What we can learn from Milwaukee's Martin Drive, a diverse neighborhood with a strong social fabric
Many of us can tick off the reasons why many parts of Milwaukee are very racially segregated — structural racism, poverty, redlining, white flight. Indeed, in parts, that’s true. But what you may not know is that there are also neighborhoods with no racial majority, places where two people chosen randomly would be of different racial backgrounds.
One such neighborhood is Martin Drive — on the city’s west side. It’s thriving — as both a racially diverse neighborhood and one with a strong sense of community.
WUWM reached out to Arijit Sen, a UWM associate professor of history in the urban studies department, to find out why that is.
Sen has been working with students in the neighborhood for about 10 years as part of UWM’s Buildings-Landscapes-Cultures field school. The project was built around finding the urban guardians of a neighborhood — the people who were stepping up to make a neighborhood better — and ask them what is it that you're doing? How are you stewards of this neighborhood? What is stewardship?
“Then we would follow up, after having heard the answers, with the architecture and design studio,” Sen explains. “[We’d work with] these community residents as our mentors, and we would build something. Our role was catalytic. We facilitate what already exists in the neighborhood. And that is the proof of the kind of human resources that exist in this neighborhood.”
Sen says Martin Drive is an example of a neighborhood that has a strong social infrastructure. “So just like we talk about road infrastructure, a strong social infrastructure means a neighborhood that is diverse, intergenerational and where people talk to each other."
The following are excerpts from that interview, some portions edited, paraphrased or consolidated for clarity.
Why is diversity important in a neighborhood?
I think in terms of our contemporary times, diversity does one thing for us — it allows us to move out of our echo chambers and see each other, who are all different from each other, as humans, as having a family, having real lives and not as a moniker that we always say, ‘This guy's that.’ No, we are actually much more complex. That, for me, is what’s important in having diverse neighborhoods.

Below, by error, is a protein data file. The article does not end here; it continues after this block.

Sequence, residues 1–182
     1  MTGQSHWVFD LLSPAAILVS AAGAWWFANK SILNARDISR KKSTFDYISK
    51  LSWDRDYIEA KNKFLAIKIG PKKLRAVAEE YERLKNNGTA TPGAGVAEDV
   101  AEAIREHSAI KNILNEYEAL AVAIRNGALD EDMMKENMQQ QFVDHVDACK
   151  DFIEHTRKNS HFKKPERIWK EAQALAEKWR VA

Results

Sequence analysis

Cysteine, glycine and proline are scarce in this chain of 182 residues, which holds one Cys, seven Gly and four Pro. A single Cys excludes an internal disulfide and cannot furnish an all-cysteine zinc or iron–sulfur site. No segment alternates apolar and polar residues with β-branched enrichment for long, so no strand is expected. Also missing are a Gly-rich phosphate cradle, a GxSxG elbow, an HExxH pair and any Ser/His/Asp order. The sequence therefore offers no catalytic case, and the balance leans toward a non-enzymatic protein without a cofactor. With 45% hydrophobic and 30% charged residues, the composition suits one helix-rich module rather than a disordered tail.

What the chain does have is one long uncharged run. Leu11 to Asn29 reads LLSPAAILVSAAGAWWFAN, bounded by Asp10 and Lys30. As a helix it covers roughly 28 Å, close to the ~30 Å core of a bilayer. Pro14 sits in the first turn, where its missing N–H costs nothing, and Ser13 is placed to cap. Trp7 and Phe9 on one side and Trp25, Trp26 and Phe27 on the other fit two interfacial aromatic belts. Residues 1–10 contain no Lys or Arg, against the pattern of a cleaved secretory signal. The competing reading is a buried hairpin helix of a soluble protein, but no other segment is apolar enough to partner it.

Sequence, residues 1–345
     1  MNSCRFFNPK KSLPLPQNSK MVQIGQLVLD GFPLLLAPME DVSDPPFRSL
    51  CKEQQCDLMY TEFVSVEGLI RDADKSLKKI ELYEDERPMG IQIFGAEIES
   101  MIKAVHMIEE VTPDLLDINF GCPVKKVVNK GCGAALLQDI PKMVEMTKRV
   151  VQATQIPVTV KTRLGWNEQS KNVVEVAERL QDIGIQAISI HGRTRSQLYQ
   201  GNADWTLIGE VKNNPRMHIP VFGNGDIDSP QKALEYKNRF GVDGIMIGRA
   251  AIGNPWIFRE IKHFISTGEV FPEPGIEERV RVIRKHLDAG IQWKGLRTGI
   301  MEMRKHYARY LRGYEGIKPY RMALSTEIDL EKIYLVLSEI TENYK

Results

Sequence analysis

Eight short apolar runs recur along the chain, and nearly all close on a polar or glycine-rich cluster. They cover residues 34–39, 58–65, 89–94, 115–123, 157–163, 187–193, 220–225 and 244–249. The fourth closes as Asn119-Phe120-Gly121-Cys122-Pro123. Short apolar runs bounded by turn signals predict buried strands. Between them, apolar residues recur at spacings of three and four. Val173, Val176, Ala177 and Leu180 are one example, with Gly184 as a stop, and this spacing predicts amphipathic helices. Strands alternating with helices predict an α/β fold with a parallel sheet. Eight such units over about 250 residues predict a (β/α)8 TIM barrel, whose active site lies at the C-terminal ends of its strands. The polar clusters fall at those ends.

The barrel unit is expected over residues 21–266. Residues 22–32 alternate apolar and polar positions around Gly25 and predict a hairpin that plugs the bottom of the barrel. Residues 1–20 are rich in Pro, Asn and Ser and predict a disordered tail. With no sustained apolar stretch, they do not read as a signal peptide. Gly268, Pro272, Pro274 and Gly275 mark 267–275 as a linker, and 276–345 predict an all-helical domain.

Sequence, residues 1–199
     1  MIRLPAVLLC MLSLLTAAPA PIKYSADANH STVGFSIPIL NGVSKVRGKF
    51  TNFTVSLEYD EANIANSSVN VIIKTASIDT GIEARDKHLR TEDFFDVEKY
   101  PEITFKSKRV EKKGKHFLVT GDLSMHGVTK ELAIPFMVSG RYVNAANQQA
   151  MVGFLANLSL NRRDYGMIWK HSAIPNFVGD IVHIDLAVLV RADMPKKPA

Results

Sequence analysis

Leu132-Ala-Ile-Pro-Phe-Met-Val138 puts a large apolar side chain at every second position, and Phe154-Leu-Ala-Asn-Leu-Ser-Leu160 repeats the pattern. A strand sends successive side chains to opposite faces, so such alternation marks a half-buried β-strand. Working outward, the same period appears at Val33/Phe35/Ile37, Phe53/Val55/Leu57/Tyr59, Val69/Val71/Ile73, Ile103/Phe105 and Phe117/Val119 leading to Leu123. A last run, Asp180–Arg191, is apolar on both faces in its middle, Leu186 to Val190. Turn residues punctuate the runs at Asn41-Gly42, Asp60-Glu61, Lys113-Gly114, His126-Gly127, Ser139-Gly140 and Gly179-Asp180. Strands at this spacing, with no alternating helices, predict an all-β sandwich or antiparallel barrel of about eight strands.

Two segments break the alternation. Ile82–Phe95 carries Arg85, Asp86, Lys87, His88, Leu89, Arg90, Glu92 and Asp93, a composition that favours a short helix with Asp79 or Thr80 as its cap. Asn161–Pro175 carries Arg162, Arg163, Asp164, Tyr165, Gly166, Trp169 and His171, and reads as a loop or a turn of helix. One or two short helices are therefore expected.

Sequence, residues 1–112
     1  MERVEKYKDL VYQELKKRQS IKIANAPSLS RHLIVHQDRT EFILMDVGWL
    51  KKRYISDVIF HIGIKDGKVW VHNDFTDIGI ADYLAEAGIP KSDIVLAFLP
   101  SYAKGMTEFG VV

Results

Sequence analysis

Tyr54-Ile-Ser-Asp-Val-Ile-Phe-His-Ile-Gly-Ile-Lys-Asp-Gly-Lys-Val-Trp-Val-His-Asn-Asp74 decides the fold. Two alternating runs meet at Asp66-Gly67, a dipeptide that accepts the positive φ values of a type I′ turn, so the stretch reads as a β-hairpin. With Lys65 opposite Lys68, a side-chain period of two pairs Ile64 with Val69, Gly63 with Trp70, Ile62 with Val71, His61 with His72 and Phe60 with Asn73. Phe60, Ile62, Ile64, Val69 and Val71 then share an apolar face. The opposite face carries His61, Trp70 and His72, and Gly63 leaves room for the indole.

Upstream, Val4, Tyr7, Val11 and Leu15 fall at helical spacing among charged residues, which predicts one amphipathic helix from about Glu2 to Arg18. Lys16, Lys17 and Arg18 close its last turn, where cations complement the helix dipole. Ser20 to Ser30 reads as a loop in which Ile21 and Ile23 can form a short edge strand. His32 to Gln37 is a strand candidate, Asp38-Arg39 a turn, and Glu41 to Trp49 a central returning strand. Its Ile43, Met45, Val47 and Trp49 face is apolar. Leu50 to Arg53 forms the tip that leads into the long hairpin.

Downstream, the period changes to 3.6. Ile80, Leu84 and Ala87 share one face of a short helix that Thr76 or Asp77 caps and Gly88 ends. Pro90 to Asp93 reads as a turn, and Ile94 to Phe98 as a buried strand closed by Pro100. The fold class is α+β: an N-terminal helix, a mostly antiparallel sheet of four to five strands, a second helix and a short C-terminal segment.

I feel like diversity is a bottom-up project, you create the situation, you set up the infrastructure for it, keep all the policies ready. But then whether it's really diverse, really means that people know how to talk across differences, through differences.
Can you describe Martin Drive?
Martin Drive originated as a working-class neighborhood. It’s broken into east and west as Vliet Street cuts through it. Martin Drive east is right next to the 38th Street corridor, abutting Harley Davidson. And if you go back in history, the streetcar line would come all the way up there from the city. And the zoo was there, Washington Park is right there.
In Martin Drive east there are lots of apartment buildings and duplexes. Martin Drive west has more homeowners and single-family dwellings, but there are still duplexes there too. West is a little more economically upper class. It’s called by some as a growing edge of the city, an emerging landscape of the middle-class.
Note: According to 2020 U.S. Census data, Martin Drive is 40% Black, 31% white, 11% Asian, and 10% Latino.
What makes Martin Drive so diverse?
I think the reasons are very, very complex. It's very layered and the reasons for diversity in one neighborhood is not necessarily replicable in another neighborhood.